Rufous elephant shrew

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Rufous elephant shrew[1]
Elephantulus rufescens Peters 1878.jpg
Scientific classification
Kingdom: Animalia
Phylum: Chordata
Class: Mammalia
Order: Macroscelidea
Family: Macroscelididae
Genus: Elephantulus
Species: E. rufescens
Binomial name
Elephantulus rufescens
(Peters, 1878)
Rufous Elephant Shrew area.png
Rufous elephant shrew range

The rufous elephant shrew, rufous sengi or East African long-eared elephant-shrew (Elephantulus rufescens) is a species of elephant shrew in the family Macroscelididae. Found in Ethiopia, Kenya, Somalia, South Sudan, Tanzania and Uganda,[2] its natural habitats are dry savanna and subtropical or tropical dry shrubland.[2]

Distribution[edit]

Elephantulus rufescens occupies the drywood land and grassland zone of East Africa.[3]

Characteristics[edit]

E. rufescens exhibits no sexual dimorphism. The probosis is long and flexible. The species' tails are dark-brown and can be long up to the its head-to-tail length. Females have three pair of teats and the males have internal testes. Both adults and juveniles are similar in color. However, adults have white feet while juveniles' feet are brown. [4]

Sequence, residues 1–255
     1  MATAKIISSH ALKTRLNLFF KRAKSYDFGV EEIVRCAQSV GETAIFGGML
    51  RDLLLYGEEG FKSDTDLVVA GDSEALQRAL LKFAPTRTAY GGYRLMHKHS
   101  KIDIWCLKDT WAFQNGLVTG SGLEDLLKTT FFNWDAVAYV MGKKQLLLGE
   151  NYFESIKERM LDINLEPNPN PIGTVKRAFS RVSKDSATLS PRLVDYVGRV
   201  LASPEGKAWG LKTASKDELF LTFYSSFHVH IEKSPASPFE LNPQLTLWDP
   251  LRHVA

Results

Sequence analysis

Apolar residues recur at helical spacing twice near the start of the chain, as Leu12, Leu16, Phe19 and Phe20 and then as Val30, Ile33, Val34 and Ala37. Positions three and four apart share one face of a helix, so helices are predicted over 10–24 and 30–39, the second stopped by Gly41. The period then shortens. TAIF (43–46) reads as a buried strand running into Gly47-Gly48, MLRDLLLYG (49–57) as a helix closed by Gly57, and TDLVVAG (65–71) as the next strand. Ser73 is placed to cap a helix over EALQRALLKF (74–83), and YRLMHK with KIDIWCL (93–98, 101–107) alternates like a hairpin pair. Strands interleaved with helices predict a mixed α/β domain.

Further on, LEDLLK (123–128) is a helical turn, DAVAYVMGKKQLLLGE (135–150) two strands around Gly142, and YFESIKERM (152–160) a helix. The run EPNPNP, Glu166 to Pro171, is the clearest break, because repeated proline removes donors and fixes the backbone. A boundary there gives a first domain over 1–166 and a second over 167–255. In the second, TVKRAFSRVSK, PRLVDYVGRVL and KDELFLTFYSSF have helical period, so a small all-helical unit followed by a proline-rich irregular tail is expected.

Ecology, diet, and behavior[edit]

Rufous elephant shrews are active throughout the day, with peaks in activity at dusk and dawn while having a midday rest. The males usually spend most of their time cleaning the foraging trails. Except for foraging, all activities are performed in these trails. Trails act as an important means for escaping from predators. Insects form the major food resource of their diet in the dry season, while seeds are consumed during periods of rain.[3]

This species is fairly monogamous; however, members of a monogamous pair spend little time together and are limited in social interaction. They live in a matriarchal society in which the female of the pair usually dominates the male. [5]

References[edit]

  1. ^ Bronner, G.N.; Jenkins, P.D. (2005). "Order Afrosoricida". In Wilson, D.E.; Reeder, D.M. Mammal Species of the World: A Taxonomic and Geographic Reference (3rd ed.). Johns Hopkins University Press. p. 83. ISBN 978-0-8018-8221-0. OCLC 62265494. 
  2. ^ a b c Rathbun, G.B. (2015). "Elephantulus rufescens". IUCN Red List of Threatened Species. IUCN. 2015: e.T42664A21289073. doi:10.2305/IUCN.UK.2015-2.RLTS.T42664A21289073.en. Retrieved 27 August 2016. 
  3. ^ a b Neal, B. R. "Relationship between feeding habits, climate and reproduction of small mammals in Meru National Park, Kenya". African Journal of Ecology. doi:10.1111/j.1365-2028.1984.tb00695.x. Retrieved December 24, 2015. 
  4. ^ Fred W. Koontz & Nancy J. Koeper. "Elephantulus rufescens". The American Society of Mammalogists. Retrieved April 15, 2014. 
  5. ^ Lumpkin, Susan & Fred W. Koontz. "Social and Sexual Behavior of the Rufous Elephant-Shrew (Elephantulus rufescens) in Captivity.". JSTOR 1381007. 

External links[edit]